Think for a second about soliloquies in film, and then find me one that surpasses Quint’s narration of the shark infested horror of the USS Indianapolis from Jaws, you’ll be hard pressed. Jaws is a work of art of the highest magnitude, and the greatest aspect of the film has to be the casting of Robert Shaw as Quint, he is Captain Ahab writ large—something Gregory Peck could never pull off. In fact, if you atch enough Gregory Peck films you quickly realize he couldn’t really act—he’s too stiff and one dimensional. Which means Peck as Ahab in John Huston’s Moby Dick may be one of the bigger mistakes in film history, but that’s another story. And right now this scene is all about the great Robert Shaw!
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This is truly one of the greatest scenes in motion picture history. Wasn’t there some long running debate about who wrote it and how much Shaw improvised?
Jaws is one of those movies that I never seek out to watch but can’t turn it off if I stumble on it.
Anyway, thanks Reverend, and here’s to swimmin’ with bow-legged women!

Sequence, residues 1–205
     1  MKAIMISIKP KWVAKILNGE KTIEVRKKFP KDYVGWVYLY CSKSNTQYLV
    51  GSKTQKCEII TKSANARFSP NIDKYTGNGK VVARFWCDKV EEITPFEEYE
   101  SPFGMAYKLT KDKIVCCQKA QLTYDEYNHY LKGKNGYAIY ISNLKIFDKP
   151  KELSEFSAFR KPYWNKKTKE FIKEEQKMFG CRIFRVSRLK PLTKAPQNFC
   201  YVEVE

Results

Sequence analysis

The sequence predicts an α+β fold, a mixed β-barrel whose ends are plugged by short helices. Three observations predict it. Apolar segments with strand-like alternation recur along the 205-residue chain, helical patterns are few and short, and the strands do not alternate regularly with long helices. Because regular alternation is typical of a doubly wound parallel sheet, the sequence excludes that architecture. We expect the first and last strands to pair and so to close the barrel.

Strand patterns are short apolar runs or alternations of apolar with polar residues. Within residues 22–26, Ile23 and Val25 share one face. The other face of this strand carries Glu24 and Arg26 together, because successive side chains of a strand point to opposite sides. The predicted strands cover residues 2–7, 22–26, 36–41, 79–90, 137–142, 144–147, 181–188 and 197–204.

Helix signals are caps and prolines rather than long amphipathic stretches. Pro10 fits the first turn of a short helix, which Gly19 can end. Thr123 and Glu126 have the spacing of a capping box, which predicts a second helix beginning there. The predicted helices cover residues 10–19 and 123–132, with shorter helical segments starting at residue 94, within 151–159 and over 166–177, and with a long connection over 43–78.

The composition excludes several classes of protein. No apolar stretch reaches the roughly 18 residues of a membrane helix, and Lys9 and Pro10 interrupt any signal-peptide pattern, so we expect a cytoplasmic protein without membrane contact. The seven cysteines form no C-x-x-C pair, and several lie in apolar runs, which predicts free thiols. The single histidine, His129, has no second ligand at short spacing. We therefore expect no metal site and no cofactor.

The way the soft music echoes the creaking of the ship is brilliant, & I know it’s a common technique used in Jaws. Excellent first clip, trying to understand him through the strange accent makes the scene that much more riveting.
Yeah, the debate as whether John Mileus’ re-write or Shaw improv was responsible for its genius, and I tend to think both. For Mileus was the mind behind Apocalypse Now and Red Dawn, where Shaw was nothing but brilliant in The Taking of Pelham 123, so i think it’s a throw up.
Yeah, the sound effects are awesome, but the way he says “the thing about a shark, they got black eyes, lifeless eyes, like a doll’s eyes” gives me shivers every time. The insertion of this scene into Jaws makes a great movie that much greater, and pushes me to a place I don’t want to go, namely re-examining the genius of Spielberg—which I have to do, and even stopped the formative 10 for fear of what might come. But it is high time I did.
Like a doll’s eyes. A touch of uncanny valley.
Watched this for the first time in a while last night on TV. For a film reputed to have ushered in the era of the “blockbuster”, was struck by how much space for character and atmosphere there was… Virtually nothing in common with an “action” film today.
Also struck how the music in many spots sounded more like a 1950’s adventure movie than anything from the past thirty years. Not so much the Williams theme, but the other stuff…